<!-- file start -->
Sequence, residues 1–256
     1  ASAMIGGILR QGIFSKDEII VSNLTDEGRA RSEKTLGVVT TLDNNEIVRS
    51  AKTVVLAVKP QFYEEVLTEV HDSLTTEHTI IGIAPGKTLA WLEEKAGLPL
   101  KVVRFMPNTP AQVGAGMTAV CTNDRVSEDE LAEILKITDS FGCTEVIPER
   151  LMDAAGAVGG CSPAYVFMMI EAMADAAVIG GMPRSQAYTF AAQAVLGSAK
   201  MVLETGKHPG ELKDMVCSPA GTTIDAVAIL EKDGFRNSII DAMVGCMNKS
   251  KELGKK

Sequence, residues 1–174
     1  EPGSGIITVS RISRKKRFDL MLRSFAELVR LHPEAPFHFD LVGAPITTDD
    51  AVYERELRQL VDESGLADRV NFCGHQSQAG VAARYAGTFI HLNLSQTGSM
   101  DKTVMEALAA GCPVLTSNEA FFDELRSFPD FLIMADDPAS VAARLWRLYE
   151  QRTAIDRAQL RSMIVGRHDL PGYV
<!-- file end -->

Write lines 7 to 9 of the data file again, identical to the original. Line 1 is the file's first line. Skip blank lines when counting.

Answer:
   251  KELGKK

Sequence, residues 1–174
     1  EPGSGIITVS RISRKKRFDL MLRSFAELVR LHPEAPFHFD LVGAPITTDD